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PLoS One. 2010; 5(3): e9812.
Published online 2010 March 23. doi:  10.1371/journal.pone.0009812
PMCID: PMC2843722

Comparative Efficacy of Hemagglutinin, Nucleoprotein, and Matrix 2 Protein Gene-Based Vaccination against H5N1 Influenza in Mouse and Ferret

T. Mark Doherty, Editor


Efforts to develop a broadly protective vaccine against the highly pathogenic avian influenza A (HPAI) H5N1 virus have focused on highly conserved influenza gene products. The viral nucleoprotein (NP) and ion channel matrix protein (M2) are highly conserved among different strains and various influenza A subtypes. Here, we investigate the relative efficacy of NP and M2 compared to HA in protecting against HPAI H5N1 virus. In mice, previous studies have shown that vaccination with NP and M2 in recombinant DNA and/or adenovirus vectors or with adjuvants confers protection against lethal challenge in the absence of HA. However, we find that the protective efficacy of NP and M2 diminishes as the virulence and dose of the challenge virus are increased. To explore this question in a model relevant to human disease, ferrets were immunized with DNA/rAd5 vaccines encoding NP, M2, HA, NP+M2 or HA+NP+M2. Only HA or HA+NP+M2 vaccination conferred protection against a stringent virus challenge. Therefore, while gene-based vaccination with NP and M2 may provide moderate levels of protection against low challenge doses, it is insufficient to confer protective immunity against high challenge doses of H5N1 in ferrets. These immunogens may require combinatorial vaccination with HA, which confers protection even against very high doses of lethal viral challenge.


Since 1997, the highly pathogenic avian influenza A H5N1 viral strain has caused severe disease in poultry and wild birds. Although H5N1 has not spread widely in humans, sporadic infections have been seen throughout countries of eastern Asia, the Middle East and Africa. To date, there have been more than 445 confirmed human cases of H5N1, with 263 deaths (59% mortality rate) reported by the World Health Organization ( In almost all cases, those infected with H5N1 had physical contact with infected birds. While the primary mode of transmission may be animal-to-human, the concern remains that this virus may evolve into a strain capable of human-to-human transmission. Vaccination offers a practical and effective measure for controlling the spread of this highly pathogenic virus. The threat posed by emerging strains of influenza is unpredictable and varies among countries, as evidenced by the recent swine origin H1N1 pandemic, highlighting the need for improved vaccines that can confer broad protection against multiple viral strains and various influenza A subtypes.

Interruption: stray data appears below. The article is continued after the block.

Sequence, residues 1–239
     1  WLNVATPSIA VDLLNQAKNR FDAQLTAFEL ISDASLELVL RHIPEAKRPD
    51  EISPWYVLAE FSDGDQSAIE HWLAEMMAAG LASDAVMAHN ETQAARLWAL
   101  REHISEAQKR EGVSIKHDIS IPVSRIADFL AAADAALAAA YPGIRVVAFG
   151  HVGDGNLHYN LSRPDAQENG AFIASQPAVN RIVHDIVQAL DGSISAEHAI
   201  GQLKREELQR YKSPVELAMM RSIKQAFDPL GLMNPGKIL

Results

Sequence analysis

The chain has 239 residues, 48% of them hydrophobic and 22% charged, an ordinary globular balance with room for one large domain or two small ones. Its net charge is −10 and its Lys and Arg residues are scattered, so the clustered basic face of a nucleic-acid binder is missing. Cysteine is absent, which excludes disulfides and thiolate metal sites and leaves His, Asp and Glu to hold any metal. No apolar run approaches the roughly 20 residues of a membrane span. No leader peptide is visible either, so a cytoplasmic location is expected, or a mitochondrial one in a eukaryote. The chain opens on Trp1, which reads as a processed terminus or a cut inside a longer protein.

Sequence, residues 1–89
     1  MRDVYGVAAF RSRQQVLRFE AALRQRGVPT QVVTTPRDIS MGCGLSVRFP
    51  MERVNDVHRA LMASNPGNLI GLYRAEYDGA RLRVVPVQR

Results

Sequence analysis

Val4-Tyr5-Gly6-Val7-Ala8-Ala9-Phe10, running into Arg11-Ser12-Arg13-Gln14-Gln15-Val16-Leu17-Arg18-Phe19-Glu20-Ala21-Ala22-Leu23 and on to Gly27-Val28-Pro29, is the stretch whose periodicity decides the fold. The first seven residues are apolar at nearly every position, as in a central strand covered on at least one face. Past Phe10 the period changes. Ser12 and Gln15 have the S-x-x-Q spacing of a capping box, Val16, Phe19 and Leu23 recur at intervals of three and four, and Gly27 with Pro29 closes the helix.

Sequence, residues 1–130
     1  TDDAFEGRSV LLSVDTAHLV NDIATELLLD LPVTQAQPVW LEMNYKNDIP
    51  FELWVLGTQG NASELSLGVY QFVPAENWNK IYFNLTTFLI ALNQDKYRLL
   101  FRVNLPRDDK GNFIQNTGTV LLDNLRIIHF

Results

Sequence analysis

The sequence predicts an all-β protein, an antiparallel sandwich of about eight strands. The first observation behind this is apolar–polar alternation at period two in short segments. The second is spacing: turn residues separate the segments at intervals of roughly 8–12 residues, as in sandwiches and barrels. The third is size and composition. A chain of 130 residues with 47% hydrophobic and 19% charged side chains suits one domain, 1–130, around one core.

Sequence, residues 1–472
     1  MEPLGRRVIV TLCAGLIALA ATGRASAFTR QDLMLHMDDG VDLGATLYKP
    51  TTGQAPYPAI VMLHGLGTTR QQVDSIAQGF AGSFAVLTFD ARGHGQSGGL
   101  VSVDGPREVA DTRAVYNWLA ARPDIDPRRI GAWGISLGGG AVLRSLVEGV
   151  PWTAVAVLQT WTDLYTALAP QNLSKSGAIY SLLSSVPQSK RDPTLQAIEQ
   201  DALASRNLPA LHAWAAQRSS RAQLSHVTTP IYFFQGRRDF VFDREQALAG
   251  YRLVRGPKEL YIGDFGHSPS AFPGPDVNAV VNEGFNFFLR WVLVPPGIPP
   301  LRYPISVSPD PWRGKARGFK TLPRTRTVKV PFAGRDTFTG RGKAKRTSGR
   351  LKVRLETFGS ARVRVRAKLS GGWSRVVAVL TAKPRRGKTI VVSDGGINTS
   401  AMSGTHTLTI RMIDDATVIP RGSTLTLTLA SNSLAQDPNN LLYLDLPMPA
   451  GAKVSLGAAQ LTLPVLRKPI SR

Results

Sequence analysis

While the hemagglutinin (HA) surface protein is conventionally the primary target of strain-specific influenza DNA vaccines, conserved viral epitopes have the potential to induce immunity against diverse influenza strains. Two highly conserved influenza viral proteins, NP and M2, have been widely targeted as possible broadly protective vaccine candidates [1][9]. The main function of the nucleoprotein is encapsidation of the viral genome to form a ribonucleoprotein particle for transcription and packaging. NP also interacts with other viral proteins (PB1, PB2, and M1) and cellular proteins (Importin α, F-actin, CRM1/exportin1) for viral transcription control and nuclear transportation control [10]. M2 is responsible for protein translocation, and is expressed at a high density in the plasma membrane of infected cells in tetramer forms. This ion channel protein is also a target for the antiviral drugs amantidine and rimantadine, which control viral replication and have been used for influenza prophylaxis and treatment [11].